Your time is limited, so don’t waste it living someone else’s life. Don’t be trapped by dogma — which is living with the results of other people’s thinking. Don’t let the noise of others’ opinions drown out your own inner voice. And most important, have the courage to follow your heart and intuition. They somehow already know what you truly want to become. Everything else is secondary.

When I was young, there was an amazing publication called The Whole Earth Catalog, which was one of the bibles of my generation. It was created by a fellow named Stewart Brand not far from here in Menlo Park, and he brought it to life with his poetic touch. This was in the late 1960s, before personal computers and desktop publishing, so it was all made with typewriters, scissors, and polaroid cameras. It was sort of like Google in paperback form, 35 years before

Google came along: it was idealistic, and overflowing with neat tools and great notions.

Stewart and his team put out several issues of The Whole Earth Catalog, and then when it had run its course, they put out a final issue. It was the mid-1970s, and I was your age. On the back cover of their final issue was a photograph of an early morning country road, the kind you might find yourself hitchhiking on if you were so adventurous. Beneath it were the words: “Stay Hungry. Stay Foolish.” It was their farewell message as they signed off. Stay Hungry. Stay Foolish. And I have always wished that for myself. And now, as you graduate to begin anew, I wish that for you.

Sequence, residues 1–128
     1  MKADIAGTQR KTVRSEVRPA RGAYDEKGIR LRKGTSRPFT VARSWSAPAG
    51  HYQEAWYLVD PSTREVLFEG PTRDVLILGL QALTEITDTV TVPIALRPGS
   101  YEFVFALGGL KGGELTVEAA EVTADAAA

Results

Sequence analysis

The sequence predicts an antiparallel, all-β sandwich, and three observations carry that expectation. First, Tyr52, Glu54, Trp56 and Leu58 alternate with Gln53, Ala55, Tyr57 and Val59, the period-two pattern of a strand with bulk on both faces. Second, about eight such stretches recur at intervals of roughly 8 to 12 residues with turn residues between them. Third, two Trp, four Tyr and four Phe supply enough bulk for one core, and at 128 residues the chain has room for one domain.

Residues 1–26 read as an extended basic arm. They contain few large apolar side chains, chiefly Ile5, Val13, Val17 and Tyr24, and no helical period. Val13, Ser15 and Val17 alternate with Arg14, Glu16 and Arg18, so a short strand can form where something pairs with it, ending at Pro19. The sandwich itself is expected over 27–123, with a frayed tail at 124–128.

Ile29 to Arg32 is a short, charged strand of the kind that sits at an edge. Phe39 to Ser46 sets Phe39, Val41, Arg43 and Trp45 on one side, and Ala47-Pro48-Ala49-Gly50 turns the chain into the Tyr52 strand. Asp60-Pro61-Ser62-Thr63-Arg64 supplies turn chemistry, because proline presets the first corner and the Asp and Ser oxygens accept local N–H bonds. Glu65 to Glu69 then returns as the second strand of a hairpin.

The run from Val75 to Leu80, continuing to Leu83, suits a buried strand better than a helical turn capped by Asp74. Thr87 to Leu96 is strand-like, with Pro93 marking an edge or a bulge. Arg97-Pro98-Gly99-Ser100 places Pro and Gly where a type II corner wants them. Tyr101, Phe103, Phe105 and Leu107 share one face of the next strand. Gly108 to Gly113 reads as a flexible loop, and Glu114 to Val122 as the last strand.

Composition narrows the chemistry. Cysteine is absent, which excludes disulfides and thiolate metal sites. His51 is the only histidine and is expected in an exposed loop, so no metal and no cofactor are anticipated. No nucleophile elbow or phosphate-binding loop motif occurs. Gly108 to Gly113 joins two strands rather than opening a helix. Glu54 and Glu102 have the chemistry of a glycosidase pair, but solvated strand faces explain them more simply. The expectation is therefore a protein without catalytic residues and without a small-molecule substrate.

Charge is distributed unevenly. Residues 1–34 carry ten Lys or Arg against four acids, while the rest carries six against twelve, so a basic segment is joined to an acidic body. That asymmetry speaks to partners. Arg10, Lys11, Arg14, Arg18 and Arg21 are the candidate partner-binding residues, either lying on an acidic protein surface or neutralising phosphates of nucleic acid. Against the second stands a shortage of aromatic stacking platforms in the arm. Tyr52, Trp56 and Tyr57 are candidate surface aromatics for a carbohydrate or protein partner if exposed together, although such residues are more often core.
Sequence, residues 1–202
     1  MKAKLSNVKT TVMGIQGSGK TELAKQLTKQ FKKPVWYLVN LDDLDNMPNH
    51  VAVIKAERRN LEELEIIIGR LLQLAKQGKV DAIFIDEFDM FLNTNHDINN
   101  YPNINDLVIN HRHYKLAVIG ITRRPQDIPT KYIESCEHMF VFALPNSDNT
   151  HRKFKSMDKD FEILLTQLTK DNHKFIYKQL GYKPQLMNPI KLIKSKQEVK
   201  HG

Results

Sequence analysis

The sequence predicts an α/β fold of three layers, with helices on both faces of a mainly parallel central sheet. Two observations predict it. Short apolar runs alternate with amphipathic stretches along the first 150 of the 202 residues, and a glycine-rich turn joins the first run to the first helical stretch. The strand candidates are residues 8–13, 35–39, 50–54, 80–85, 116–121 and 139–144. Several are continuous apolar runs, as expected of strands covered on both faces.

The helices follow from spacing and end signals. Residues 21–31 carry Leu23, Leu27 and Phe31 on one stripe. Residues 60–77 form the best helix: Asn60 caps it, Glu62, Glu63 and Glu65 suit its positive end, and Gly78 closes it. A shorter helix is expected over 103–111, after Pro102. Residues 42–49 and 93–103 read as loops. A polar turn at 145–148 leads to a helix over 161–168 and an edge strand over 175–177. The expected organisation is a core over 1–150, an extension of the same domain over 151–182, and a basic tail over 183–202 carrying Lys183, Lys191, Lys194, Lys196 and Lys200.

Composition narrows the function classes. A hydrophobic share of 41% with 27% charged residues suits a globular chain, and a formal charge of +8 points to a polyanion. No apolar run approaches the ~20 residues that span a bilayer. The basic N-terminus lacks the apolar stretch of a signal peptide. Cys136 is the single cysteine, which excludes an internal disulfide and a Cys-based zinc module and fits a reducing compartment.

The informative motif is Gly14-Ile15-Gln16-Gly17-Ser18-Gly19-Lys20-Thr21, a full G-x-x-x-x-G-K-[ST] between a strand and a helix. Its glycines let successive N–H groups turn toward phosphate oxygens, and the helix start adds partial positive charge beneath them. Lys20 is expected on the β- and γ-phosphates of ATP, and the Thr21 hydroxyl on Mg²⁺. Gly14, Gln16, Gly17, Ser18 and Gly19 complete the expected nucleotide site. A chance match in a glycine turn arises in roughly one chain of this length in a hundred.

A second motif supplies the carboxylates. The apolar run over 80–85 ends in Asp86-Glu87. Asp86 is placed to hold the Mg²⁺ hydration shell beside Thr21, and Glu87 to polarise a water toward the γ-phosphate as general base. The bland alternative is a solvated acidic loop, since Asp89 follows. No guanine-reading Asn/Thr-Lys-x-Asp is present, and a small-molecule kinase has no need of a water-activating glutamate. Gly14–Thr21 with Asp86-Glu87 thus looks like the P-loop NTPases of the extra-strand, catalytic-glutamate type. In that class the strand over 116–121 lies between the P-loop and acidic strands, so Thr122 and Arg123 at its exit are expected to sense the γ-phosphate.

Stay Hungry. Stay Foolish.

Thank you all very much.”

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The Workspace And MiWay Announce Entrepreneur Competition